|Minus one. Slight bummer.|
I really like FUDGE conceptually, but it requires a lot of work from the GM to build a campaign. There's a reasonable amount of stuff available for it, already built by people like us with an unreasonable obsession with playing make-believe games — for example, there was a pretty complete port of AD&D to FUDGE built by a guy called Peter Mikelsons some years ago (it, and he, appears to have dropped entirely off the internet). But if you want to build something from the ground up, expect to put in some pretty hard slog.
Anyway. About the dice.
FUDGE's core resolution dynamic rests on rolling a number — often, but not always, three or four — of d3 marked with a plus sign, a minus sign, and blank face (there are two of each on a d6, like those in the picture). You can buy dedicated FUDGE dice like those shown here, or you can just use ordinary six-siders, counting 1-2 as a minus, 3-4 as blank, and 5-6 as a plus. The pluses and minuses are tallied against each other, with blanks being neutral, so scores from -4 to +4 are possible on 4dF (though there's only a 1:1,296 chance of getting either of those results on any given throw). The higher your plus result, the better the outcome. The lower the minus result, the worse things turn out.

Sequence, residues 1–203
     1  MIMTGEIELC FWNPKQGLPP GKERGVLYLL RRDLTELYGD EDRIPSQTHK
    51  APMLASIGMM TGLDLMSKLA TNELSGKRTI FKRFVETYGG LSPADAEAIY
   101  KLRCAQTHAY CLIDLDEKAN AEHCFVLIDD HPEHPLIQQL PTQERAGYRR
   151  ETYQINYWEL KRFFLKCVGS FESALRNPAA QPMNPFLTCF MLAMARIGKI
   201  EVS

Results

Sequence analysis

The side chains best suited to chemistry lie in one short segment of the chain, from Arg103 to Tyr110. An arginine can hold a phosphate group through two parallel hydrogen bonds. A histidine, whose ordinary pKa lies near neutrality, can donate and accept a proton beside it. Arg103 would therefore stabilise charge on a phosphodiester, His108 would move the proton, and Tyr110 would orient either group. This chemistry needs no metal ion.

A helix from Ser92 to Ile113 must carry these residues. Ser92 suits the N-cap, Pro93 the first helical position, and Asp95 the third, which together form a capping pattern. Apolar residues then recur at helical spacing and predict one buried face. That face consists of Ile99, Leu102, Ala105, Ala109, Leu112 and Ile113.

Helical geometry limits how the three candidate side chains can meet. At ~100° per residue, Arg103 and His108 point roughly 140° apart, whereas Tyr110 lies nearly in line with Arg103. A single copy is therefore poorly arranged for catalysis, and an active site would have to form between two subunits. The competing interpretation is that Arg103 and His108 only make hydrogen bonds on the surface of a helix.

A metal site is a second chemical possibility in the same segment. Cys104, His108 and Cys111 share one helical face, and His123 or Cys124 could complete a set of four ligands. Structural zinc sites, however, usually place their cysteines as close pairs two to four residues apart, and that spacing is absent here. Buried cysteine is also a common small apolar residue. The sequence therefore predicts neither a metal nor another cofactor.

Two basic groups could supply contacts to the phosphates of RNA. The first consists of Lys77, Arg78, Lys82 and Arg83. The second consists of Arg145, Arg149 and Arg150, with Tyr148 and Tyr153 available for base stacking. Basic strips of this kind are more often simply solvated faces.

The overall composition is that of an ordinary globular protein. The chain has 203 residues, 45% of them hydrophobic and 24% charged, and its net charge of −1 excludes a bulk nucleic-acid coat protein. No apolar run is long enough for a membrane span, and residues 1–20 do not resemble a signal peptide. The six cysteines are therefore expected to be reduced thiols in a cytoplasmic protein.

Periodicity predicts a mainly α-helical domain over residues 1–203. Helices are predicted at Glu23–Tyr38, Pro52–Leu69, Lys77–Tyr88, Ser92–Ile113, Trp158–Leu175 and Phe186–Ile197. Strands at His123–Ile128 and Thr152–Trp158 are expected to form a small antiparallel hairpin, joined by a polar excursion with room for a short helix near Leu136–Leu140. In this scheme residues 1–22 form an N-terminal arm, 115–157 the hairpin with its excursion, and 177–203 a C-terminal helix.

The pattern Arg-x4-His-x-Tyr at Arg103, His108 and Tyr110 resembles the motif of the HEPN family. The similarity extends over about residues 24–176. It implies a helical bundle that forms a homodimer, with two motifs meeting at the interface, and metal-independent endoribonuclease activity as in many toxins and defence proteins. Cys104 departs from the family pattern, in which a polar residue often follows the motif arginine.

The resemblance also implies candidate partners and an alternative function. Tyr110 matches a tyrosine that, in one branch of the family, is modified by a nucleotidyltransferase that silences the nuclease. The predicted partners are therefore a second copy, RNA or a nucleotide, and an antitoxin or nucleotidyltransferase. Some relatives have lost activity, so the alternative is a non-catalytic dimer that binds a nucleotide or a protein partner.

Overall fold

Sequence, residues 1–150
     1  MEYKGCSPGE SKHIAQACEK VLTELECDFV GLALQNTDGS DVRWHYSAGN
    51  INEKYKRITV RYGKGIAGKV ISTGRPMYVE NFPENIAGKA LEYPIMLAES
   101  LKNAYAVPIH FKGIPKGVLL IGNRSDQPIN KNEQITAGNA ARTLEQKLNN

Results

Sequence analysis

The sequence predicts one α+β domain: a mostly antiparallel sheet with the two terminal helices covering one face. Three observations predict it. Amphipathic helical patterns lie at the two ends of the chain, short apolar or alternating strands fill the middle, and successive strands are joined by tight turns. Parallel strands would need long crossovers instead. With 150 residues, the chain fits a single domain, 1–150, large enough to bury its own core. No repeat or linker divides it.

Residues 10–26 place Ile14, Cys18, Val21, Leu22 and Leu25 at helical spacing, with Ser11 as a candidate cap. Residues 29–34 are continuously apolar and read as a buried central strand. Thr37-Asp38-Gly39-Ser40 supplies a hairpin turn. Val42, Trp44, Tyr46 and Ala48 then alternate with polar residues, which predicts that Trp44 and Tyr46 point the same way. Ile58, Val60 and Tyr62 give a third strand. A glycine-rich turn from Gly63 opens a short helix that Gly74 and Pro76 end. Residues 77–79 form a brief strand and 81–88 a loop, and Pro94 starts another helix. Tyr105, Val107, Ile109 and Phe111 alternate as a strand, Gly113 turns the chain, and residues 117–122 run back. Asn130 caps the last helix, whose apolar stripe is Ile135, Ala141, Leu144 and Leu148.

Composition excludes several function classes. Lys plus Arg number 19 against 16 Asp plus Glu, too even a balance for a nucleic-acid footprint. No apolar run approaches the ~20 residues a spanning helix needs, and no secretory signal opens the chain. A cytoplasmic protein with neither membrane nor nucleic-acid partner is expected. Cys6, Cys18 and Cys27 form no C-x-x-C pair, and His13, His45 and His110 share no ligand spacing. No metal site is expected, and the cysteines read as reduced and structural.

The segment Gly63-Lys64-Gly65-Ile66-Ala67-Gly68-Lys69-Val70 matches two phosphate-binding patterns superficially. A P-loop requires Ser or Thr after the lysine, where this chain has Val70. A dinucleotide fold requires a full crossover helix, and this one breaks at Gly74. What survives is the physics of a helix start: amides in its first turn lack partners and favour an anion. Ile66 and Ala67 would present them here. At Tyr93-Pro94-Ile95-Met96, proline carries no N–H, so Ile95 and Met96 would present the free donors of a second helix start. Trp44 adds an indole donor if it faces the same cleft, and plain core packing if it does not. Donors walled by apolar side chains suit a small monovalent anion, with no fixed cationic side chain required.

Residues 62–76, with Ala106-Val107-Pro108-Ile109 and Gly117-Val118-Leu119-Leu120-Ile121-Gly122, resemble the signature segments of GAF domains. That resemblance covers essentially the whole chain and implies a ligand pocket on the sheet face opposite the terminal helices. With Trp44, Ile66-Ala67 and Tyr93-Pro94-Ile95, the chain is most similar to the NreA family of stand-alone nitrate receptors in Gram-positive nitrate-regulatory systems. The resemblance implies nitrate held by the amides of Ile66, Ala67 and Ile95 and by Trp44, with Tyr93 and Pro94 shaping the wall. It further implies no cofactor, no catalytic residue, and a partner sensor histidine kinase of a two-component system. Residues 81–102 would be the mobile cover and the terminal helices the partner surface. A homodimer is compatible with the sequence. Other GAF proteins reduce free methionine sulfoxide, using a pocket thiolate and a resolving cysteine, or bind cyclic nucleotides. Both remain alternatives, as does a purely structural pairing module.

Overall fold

What I like about them is that the results conform statistically to a bell-curve, where things are most likely to be only averagely good or bad, but with the (small) possibility of astounding wonderfulness or horrifying horribleness. You can easily modify the degree of potential wonderfulness/horribleness by adjusting the number of dice thrown. I like to use them as Luck Dice, in situations when things could go either way and the outcome rests in the laps of the gods. They fulfil a similar role to a d20 saving throw, but without the linear result curve, and without any level-based modification.
Of course there's no reason why I couldn't just use regular six-siders. But as may have become apparent, I really do like special dice.